Thyroid Hormones, Brain, and Heart

  • Julius Burkauskas
  • Aiste Pranckeviciene
  • Adomas BuneviciusEmail author


Cerebrovascular disorders (CVDs) remain the leading cause of morbidity and mortality worldwide. Neuropsychiatric symptoms (such as depression and fatigue) and cognitive impairment are common complications in CVD patients which are associated with worse patient-centered health status, adverse clinical outcomes, and worse CVD prognosis. Impairment of normal functioning of the hypothalamic–pituitary–thyroid (HPT) axis (as in the low triiodothyronine syndrome) is also commonly observed in patients with CVDs and is linked to greater neuropsychiatric symptom severity, cognitive impairment, worse quality of life, and shorter survival. However, there are no studies examining whether treatment of subclinical HPT axis dysfunction can improve patient-centered health status of CVD patients. Further studies should attempt to elucidate if treatment of subclinical thyroid dysfunction could improve neuropsychiatric and cognitive symptom severity of CVD survivors and possibly translate into better patient-centered outcomes and longer survival. Evaluation of possible association between genetic polymorphisms of enzymes involved in thyroid hormone transport and metabolism with patient-centered health status could help to more accurately identify high-risk CVD patients and provide with personalized treatment approaches.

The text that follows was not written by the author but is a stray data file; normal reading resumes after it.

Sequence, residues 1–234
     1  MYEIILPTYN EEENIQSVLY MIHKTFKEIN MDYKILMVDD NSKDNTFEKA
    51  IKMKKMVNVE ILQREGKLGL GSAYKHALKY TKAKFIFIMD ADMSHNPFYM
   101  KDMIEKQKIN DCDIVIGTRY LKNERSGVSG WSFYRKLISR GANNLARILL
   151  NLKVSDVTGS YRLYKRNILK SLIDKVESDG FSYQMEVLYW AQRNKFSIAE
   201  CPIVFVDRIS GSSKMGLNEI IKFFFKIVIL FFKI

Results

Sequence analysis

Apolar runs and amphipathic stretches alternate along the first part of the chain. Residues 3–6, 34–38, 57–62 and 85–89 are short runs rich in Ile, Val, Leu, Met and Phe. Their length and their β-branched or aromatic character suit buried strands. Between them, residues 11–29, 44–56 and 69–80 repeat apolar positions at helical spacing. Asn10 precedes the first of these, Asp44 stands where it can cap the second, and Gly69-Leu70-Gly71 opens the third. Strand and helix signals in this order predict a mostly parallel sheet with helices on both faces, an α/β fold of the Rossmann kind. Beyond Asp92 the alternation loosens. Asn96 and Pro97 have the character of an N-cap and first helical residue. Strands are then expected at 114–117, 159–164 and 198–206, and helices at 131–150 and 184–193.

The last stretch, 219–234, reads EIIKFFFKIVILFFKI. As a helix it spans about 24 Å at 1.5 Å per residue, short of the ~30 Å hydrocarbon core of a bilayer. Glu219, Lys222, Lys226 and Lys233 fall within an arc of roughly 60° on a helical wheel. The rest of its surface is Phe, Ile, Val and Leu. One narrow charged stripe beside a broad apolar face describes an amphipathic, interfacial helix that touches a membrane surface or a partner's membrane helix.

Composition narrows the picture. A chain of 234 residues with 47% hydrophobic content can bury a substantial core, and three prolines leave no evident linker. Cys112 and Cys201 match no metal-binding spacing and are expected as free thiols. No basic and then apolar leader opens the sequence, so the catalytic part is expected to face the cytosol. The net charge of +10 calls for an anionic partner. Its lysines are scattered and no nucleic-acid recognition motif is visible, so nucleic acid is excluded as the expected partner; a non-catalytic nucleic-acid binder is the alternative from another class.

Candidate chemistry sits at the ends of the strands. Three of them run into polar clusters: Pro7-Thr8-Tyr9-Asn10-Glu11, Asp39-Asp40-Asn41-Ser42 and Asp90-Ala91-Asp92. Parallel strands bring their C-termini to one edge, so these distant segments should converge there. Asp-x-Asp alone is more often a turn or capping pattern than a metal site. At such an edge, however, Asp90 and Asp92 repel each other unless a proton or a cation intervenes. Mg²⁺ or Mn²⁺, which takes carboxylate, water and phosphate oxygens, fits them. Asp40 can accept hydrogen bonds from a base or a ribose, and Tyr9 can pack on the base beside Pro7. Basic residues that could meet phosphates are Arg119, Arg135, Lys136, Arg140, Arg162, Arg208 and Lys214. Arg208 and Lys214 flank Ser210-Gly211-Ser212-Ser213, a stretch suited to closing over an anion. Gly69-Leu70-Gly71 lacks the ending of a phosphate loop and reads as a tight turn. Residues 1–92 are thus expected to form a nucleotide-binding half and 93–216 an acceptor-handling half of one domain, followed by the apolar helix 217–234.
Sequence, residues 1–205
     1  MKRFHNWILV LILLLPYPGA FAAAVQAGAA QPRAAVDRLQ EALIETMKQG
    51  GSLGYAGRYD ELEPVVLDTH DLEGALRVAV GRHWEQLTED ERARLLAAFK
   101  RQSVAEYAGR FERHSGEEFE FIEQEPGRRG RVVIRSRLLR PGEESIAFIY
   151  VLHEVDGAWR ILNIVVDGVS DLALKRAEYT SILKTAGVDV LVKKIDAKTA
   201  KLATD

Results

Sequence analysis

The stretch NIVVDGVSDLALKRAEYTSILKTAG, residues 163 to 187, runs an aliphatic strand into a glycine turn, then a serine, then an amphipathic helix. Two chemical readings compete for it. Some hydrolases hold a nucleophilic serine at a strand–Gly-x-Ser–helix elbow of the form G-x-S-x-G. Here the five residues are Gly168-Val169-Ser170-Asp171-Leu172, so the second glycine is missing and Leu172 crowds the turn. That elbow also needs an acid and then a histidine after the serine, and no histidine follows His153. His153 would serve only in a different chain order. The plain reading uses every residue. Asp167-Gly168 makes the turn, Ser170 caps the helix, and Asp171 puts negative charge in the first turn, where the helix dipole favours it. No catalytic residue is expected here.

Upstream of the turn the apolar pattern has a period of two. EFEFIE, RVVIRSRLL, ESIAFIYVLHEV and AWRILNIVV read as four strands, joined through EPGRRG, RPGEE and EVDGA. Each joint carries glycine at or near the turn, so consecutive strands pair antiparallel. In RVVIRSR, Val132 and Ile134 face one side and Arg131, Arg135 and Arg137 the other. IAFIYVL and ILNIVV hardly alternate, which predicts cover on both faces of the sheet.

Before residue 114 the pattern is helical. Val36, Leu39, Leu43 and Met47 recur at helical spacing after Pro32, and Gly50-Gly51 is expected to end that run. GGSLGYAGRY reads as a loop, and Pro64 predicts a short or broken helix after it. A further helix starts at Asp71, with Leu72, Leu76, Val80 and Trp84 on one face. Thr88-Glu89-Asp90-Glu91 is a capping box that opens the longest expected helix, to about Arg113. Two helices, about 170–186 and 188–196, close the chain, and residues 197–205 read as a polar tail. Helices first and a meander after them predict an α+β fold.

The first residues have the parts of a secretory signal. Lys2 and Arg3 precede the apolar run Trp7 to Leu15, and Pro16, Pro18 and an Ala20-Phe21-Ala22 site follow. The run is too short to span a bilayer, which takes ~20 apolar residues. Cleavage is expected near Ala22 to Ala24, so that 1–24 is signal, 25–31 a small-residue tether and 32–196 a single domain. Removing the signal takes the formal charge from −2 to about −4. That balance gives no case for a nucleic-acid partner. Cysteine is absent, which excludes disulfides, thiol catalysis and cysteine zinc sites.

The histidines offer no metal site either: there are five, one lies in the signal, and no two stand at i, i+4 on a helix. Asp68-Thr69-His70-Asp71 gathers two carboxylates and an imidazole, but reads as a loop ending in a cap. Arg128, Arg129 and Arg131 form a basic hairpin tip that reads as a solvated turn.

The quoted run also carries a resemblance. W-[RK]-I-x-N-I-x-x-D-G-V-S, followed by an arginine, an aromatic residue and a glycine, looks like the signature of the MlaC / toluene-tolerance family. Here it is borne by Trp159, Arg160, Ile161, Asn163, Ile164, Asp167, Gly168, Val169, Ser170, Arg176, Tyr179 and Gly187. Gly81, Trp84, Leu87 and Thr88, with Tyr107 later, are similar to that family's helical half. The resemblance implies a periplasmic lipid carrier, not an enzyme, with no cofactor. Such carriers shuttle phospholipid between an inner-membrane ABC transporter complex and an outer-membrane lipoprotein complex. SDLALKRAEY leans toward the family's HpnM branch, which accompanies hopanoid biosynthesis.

Thyroid hormones Triiodothyronine Cardiovascular disorders Depression Cognitive impairment 


Conflicts of Interest

The authors disclose no conflict of interest, except Julius Burkauskas who has served as a consultant at Cogstate Ltd.


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Copyright information

© Springer Nature Switzerland AG 2020

Authors and Affiliations

  • Julius Burkauskas
    • 1
  • Aiste Pranckeviciene
    • 1
  • Adomas Bunevicius
    • 1
    Email author
  1. 1.Neuroscience Institute, Lithuanian University of Health SciencesKaunasLithuania

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